Thursday, September 02, 2004

No more years! 

From the new vantage point of Capitol Hill, I can safely assert: the Bush speech at the close of the Republican National Convention got me hard.

Seriously, if you are planning on voting republican ticket in two months, you not only have serious character flaws, but you are absolutely ignorant of domestic and international policy.


I find it odd when I notice ann oddly shaped object in the Arkansas River on the weathercam, then, upon enlargin it, clearly see that said object is actually a submarine. Though it would be pretty amazing if the epicenter of the new marine attack on the States was North / Little Rock, it turns out it's actually a sort of death ceremony for the longest in-service submarine, predicatbly named the U.S.S. Razorback, and that former submariners from all over the nation are coming to look at it at rest among a flotilla of yachts in our murky stream. Interestingly, this diesel beast was commissioned in 1944 and had a role in the ceremonial surrender of Japan and contiued to go on to service during Vietnam. Then the U.S. sold it to Turkey, who then, decades later, sold it as scrap to the city of North Little Rock for about forty grand. A seventy year old diesel submarine only costs as much as a luxury sedan? Sign me up.


Wednesday, September 01, 2004


The ad mentioned something about a few international students, but I suppose I was unprepared for what exactly that implied. I just sent an email asking if the offer for a room was still available.

The quick, unembellished response email was simply a telephone number, digits oddly spaced in pairs, with a brief line of instruction: "We've had many offers, so call and arrange a meeting, OK?"

I call. Ring. Here we go; act casual. Speak clearly and with neutral intonation. The sound of pick-up--

"Ciao, Federico."

Knees... weakened; feel... dizzy...


Tuesday, August 31, 2004

We're all clones 

Tomorrow, George Washington University will be commemorating its one hundredth year under the current formal name. In so doing, its also acknowledging the science of our times, symbolically connecting the past with the present using modern technology, providing the area with a silent, staid ambassador to the future:

The community is invited to a tree-planting ceremony at Kogan Plaza on Wednesday at 11 a.m. to commemorate the 100th anniversary of The George Washington University name. The University will plant a six-foot clone of a circa 1785 white ash tree donated by the Mount Vernon Ladies' Association.

I find this a compelling token, far better than some new piece of expensive metal sculpture that would, like most others, be easily ignored, or even despised by an unappreciative public. This is organic, an actual organism, that romantically hearkens back to the era of the nation’s founding and the ensuing Republican Elysium that so greatly fostered the cultural excellence for which the United States was once known.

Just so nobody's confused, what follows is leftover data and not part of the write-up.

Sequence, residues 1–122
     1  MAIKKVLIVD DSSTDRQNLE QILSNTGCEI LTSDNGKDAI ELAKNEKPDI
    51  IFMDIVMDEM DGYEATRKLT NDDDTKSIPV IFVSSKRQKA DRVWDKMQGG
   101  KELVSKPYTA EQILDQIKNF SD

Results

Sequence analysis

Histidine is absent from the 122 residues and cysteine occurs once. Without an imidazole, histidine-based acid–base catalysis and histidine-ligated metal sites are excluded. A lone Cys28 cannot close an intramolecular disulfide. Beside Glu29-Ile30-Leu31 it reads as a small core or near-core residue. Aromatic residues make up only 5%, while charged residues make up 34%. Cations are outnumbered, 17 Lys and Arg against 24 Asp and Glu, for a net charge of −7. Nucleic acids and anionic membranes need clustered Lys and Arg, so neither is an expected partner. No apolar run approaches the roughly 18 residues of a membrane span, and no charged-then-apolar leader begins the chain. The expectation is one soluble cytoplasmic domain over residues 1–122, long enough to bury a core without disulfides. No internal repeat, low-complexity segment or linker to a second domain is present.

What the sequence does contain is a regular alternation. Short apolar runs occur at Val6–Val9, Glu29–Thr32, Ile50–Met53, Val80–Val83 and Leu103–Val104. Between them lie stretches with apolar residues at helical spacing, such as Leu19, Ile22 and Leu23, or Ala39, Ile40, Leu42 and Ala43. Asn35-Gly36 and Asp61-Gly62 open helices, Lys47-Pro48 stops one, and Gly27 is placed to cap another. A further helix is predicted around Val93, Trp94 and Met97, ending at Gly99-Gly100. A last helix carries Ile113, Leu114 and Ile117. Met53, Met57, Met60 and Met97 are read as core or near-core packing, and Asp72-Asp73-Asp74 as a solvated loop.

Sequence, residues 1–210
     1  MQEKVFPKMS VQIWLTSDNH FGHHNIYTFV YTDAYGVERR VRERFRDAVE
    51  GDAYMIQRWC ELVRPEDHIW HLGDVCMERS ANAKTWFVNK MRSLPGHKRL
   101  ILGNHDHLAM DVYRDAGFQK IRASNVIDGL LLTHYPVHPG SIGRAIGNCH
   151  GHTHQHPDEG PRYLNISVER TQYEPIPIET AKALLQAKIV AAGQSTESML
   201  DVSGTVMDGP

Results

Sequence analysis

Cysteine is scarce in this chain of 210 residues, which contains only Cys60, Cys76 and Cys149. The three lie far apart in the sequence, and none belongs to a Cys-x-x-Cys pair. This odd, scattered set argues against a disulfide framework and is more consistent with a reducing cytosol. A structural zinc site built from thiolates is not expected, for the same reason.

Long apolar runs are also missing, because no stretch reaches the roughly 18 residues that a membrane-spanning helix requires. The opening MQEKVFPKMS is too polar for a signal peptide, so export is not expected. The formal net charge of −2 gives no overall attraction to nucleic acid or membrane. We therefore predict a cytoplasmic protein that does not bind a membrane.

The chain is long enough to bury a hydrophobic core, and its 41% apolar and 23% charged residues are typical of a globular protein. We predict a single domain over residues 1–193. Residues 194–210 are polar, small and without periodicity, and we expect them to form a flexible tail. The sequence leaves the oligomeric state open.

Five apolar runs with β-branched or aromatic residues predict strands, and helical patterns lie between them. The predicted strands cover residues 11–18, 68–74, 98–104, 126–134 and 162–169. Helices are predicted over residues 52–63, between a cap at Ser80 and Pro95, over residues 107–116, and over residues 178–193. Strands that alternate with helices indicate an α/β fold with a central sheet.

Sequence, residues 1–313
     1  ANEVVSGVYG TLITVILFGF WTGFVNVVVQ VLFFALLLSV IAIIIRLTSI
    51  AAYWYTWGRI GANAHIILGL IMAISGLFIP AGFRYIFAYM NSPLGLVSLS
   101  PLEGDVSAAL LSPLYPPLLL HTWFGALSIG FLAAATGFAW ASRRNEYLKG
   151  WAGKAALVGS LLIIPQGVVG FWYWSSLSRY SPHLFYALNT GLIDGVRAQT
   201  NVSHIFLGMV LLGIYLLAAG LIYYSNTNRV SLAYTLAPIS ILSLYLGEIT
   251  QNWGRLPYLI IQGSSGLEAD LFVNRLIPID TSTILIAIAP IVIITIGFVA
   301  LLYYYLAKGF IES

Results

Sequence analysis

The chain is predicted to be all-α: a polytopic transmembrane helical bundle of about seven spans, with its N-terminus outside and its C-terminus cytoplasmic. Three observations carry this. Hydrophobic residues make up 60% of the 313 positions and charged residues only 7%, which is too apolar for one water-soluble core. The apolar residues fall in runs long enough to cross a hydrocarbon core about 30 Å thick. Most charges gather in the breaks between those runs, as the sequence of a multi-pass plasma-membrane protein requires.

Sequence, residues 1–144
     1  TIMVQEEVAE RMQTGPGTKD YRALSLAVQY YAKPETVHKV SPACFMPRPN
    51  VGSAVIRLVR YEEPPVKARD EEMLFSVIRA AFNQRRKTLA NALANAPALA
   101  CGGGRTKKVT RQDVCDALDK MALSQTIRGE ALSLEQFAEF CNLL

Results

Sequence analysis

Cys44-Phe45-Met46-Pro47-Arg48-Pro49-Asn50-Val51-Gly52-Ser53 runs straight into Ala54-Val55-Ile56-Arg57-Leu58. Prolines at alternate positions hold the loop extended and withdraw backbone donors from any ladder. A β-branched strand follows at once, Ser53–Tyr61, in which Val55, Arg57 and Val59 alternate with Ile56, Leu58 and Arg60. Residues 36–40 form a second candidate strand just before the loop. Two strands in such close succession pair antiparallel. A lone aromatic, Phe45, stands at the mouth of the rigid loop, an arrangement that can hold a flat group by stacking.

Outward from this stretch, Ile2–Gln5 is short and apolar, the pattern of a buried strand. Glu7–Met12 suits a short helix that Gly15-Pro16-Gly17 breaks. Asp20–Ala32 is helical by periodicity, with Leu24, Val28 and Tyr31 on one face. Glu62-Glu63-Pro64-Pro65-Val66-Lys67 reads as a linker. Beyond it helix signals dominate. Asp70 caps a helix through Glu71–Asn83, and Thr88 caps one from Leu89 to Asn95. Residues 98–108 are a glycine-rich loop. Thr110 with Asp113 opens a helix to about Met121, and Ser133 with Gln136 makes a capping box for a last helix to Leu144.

This is entirely off-topic, but I'm going to spend the last of my disposable income on the new Bjork album, Medúlla, which came out in the States today!


Monday, August 30, 2004


I'm having an unusually difficult time finding a place, it seems, and the chaos is driving me mad. I've found a place that's tiny and not-so-high rent (by my Little Rock standards), but its lease is unreasonably long and I still have no idea whether or not I'll be able to afford it in the long term. Eight hundred dollars per month, a small fortune where I've just come from, buys absolutely nothing here. Washington D.C. has no middle class, and the small proportion of citizens who live poorly and happily within the city are being efficiently razed by the invading commuters and suburbanites--as a result, the District is oddly proportioned, uncomfortably polarized, and wealthy beyond all belief. I feel very out of place, oddly enough; I had thought that moving to this city would foster some sort of catchartic cultural awakening, but instead I'm confronted with crowds of people who dislike social change and wear two polo shirts with both collars up and so on. When did this city start trying to be Manhattan?

My orientation has begun today, and I am scared shitless. This is going to be hard. I feel that I'll have no time to continue looking for a place to live after this Wednesday, when classes begin, so I feel pressured to accept this tiny, expensive, long lease place with no true capacity to do so. My stomach churns with the problems I've thrown myself into. I'm losing a little weight, thought, and toning up from all the walking, so I guess it's not all bad.

I know what you're thinking, that it's only been a week, that things will change as I settle and find comfort with my setting. I agree, I certainly agree, but my agreement can't change the details that I've observed thus far. There is a distinct possibility that I have made a mistake.


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